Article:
TTAB Requires Cross-Examination By Oral Deposition in CAPTAIN CANNABIS Battle
In a precedential decision in a cancellation proceeding, the Trademark Trial and Appeal Board has ruled that Petitioner Laverne J. Andrusiek must cross-examine, by oral deposition, Respondent Cosmic Crusaders LLC’s witnesses who provided direct testimony via written declaration. Laverne Andrusiek v. Cosmic Crusaders LLC
Andrusiek contends that he created a comic book character named “Captain Cannabis” in the 1970s, and operates a website identifying various books and other works related to that character since that time. Cosmic Crusaders appears to be associated with a cannabis activist under the moniker of “Captain Cannabis,” and related media, including a “Cosmic Crusaders” comic featuring a “Captain Cannabis” character. Cosmic Crusaders obtained the registration at issue for CAPTAIN CANNABIS , for comic books in Class 16, in 2015.
Andrusiek sought leave to cross-examine Cosmic Crusader’s witnesses by written questions, citing, as factual background, to the inconvenience and expense of conducting oral cross-examinations. Andrusiek was identified as being in Washington state, while Cosmic Crusader’s witnesses were identified as being in Tampa, Florida. Andrusiek cited 37 CFR 2.124(b)(3) as basis for the request:
A party desiring to take cross-examination, by written questions, of a witness who has provided testimony by affidavit or declaration shall serve notice thereof upon each adverse party and shall file a copy of the notice, but not copies of the questions, with the Board.
The TTAB denied Andrusiek leave to cross-examine by written questions, explaining that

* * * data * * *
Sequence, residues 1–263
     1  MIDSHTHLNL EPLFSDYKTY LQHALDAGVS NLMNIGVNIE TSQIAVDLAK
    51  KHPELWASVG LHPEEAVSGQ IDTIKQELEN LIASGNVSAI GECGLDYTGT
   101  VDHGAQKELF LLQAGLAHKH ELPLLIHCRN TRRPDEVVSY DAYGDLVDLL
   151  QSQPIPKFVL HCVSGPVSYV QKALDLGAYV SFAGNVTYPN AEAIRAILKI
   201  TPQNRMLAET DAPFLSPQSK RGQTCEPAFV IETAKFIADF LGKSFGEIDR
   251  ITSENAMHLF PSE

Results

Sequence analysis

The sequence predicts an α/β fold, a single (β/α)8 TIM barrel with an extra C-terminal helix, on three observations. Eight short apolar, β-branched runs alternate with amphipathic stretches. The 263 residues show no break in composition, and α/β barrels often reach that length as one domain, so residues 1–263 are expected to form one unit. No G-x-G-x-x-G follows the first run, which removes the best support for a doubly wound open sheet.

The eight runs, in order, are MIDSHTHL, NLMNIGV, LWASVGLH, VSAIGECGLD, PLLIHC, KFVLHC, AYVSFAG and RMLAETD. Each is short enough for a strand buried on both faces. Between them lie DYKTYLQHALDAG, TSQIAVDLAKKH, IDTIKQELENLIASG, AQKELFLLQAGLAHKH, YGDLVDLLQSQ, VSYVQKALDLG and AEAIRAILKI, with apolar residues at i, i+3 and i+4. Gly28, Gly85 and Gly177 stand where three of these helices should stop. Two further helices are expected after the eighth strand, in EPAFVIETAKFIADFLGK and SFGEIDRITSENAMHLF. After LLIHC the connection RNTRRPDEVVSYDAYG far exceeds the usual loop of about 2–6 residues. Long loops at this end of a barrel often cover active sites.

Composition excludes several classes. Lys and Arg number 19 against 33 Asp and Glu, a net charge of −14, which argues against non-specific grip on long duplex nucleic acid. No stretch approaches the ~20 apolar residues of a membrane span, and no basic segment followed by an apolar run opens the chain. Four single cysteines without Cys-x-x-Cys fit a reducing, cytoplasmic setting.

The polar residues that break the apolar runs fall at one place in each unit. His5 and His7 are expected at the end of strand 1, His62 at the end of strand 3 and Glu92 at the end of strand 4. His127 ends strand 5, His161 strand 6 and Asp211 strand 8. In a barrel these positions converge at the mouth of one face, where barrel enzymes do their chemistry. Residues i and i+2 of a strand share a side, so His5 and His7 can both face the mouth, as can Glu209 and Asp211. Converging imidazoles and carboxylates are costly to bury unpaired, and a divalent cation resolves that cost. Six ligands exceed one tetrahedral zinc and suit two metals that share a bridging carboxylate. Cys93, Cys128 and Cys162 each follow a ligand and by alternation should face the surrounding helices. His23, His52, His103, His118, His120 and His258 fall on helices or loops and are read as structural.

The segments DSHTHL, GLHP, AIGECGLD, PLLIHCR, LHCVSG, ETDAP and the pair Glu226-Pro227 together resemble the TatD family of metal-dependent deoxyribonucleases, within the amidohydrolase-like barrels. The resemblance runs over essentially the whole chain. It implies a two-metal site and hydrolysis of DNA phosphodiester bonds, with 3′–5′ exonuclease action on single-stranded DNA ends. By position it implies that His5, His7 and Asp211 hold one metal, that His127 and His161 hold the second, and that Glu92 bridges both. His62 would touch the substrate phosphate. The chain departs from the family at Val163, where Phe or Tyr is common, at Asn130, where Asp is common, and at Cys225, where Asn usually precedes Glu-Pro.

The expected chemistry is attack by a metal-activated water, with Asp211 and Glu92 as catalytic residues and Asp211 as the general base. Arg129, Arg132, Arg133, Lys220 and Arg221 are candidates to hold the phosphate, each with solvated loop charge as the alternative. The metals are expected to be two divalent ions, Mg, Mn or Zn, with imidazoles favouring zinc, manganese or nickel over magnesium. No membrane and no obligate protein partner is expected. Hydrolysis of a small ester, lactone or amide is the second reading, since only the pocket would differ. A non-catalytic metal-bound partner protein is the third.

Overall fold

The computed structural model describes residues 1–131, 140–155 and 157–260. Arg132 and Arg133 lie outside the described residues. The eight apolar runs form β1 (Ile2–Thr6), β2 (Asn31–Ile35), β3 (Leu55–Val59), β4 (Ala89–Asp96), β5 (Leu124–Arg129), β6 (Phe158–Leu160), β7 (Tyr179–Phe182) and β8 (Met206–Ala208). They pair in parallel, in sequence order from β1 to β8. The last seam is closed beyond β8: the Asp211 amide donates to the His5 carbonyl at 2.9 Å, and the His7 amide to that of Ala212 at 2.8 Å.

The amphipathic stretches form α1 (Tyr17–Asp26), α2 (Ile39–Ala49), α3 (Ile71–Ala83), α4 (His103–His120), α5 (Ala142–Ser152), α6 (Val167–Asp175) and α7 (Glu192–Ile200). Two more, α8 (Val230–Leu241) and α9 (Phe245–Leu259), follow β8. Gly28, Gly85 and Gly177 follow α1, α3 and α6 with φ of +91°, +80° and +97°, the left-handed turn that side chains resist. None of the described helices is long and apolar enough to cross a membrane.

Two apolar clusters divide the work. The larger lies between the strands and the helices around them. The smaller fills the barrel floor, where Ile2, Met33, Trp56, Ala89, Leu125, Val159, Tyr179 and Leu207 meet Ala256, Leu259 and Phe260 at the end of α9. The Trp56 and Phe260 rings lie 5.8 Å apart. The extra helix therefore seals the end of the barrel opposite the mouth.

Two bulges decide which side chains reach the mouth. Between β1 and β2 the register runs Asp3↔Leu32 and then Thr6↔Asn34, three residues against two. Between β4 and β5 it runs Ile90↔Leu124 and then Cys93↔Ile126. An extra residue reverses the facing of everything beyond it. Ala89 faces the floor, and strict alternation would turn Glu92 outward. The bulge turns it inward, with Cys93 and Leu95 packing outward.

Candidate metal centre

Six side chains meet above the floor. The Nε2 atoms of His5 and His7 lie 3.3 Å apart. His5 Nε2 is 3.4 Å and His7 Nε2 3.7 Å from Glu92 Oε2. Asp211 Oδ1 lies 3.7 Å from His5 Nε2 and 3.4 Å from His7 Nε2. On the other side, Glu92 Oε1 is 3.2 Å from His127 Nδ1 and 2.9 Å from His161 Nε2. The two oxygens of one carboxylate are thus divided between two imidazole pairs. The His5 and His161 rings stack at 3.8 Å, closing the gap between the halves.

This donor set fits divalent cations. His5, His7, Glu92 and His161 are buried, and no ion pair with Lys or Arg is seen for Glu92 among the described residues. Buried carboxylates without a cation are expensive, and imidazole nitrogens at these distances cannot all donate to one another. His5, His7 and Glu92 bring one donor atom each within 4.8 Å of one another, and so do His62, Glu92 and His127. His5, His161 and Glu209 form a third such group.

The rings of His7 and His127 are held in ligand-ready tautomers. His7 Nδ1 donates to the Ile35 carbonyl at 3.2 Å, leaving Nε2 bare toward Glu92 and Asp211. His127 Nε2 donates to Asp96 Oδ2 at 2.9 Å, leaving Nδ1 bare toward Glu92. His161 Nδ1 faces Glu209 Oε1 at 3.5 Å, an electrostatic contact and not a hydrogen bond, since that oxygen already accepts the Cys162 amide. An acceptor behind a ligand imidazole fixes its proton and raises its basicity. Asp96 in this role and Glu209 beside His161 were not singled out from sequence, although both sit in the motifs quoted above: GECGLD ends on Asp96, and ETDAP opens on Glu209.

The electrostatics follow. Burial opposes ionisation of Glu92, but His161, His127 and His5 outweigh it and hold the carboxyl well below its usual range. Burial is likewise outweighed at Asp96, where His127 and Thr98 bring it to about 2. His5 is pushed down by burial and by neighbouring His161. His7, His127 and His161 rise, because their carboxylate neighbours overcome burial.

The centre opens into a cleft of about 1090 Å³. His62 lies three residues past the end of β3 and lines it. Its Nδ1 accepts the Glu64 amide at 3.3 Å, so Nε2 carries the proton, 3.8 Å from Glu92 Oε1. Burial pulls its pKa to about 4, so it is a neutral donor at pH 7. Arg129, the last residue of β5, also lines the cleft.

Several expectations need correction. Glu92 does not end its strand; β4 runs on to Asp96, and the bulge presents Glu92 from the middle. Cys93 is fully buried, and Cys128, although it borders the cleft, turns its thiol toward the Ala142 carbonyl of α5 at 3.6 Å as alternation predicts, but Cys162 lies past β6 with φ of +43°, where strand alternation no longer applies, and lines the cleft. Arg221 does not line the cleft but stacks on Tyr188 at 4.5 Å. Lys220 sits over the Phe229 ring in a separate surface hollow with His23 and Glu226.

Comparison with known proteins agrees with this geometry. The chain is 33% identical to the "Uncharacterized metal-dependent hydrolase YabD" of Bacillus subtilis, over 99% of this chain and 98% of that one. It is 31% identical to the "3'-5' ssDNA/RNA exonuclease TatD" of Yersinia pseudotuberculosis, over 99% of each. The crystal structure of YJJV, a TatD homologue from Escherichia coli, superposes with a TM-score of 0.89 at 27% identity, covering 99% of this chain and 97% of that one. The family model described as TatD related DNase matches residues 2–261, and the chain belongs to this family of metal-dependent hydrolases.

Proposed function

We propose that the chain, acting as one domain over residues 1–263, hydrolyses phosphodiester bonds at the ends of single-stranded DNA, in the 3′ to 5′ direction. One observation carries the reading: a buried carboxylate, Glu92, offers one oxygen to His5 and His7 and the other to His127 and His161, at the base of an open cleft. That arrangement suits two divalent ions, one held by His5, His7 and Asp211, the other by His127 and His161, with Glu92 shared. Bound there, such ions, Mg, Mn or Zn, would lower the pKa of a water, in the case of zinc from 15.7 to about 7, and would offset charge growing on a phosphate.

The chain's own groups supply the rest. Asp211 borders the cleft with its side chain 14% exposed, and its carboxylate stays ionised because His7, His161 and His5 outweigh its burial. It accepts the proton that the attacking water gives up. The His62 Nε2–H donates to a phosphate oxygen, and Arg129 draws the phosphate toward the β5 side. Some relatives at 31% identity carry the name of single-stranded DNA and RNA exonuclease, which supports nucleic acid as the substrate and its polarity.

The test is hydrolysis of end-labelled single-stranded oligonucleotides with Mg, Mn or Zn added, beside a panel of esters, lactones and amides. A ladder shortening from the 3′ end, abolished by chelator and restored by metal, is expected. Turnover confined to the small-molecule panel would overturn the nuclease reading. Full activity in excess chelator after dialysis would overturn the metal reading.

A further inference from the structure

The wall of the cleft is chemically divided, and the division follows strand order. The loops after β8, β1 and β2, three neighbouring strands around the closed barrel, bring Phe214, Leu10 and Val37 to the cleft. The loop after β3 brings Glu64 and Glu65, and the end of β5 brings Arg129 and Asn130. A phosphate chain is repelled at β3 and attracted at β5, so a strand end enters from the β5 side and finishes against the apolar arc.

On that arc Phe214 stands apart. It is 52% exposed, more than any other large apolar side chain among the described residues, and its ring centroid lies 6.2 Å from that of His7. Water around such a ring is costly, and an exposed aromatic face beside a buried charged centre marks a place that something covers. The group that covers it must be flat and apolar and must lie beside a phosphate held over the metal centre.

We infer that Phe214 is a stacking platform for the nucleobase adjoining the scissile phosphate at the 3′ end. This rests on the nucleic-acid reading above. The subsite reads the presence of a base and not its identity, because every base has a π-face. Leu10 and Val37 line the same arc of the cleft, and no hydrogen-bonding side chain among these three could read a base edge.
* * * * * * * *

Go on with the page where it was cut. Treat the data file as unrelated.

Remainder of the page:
“(w)hile Trademark Rule 2.124 sets forth the procedures governing depositions upon written questions, it does not set forth the circumstances under which depositions upon written questions may occur.”
The matter is one of timing and order. As the TTAB explained, “…a party may, during its testimony period, take the testimony of a witness: (1) by affidavit or declaration under Trademark Rule 2.20; (2) by deposition upon oral examination as provided under Trademark Rule 2.123; or (3) by deposition upon written questions as provided under Trademark Rule 2.124” (emphasis added). As the discovery at issue here related to that which Cosmic Crusaders presented in their testimony period, the option for Andrusiek to choose deposition by written questions was not available. Rather, as the declarants were in the United States, 37 CFR 2.123(a)(1) provided that Andrusiek’s opportunity to cross-examine was limited only to oral examination.
The TTAB dd, however, note that deposition, including the cross-examinations at issue here, could be conducted telephonically, as such an option should generally be available upon a reasonable request.
Lessons for Practice
It is crucial to be on the front foot in a TTAB proceeding, especially in building an evidentiary record in a cancellation proceeding involving years of prior use between the parties. This extends to anticipating and preparing for cross-examination of an opposing party’s witnesses. No material part of a long history of use of a mark should be left only for the opposing party to address on its own terms, especially for non-strategic reasons.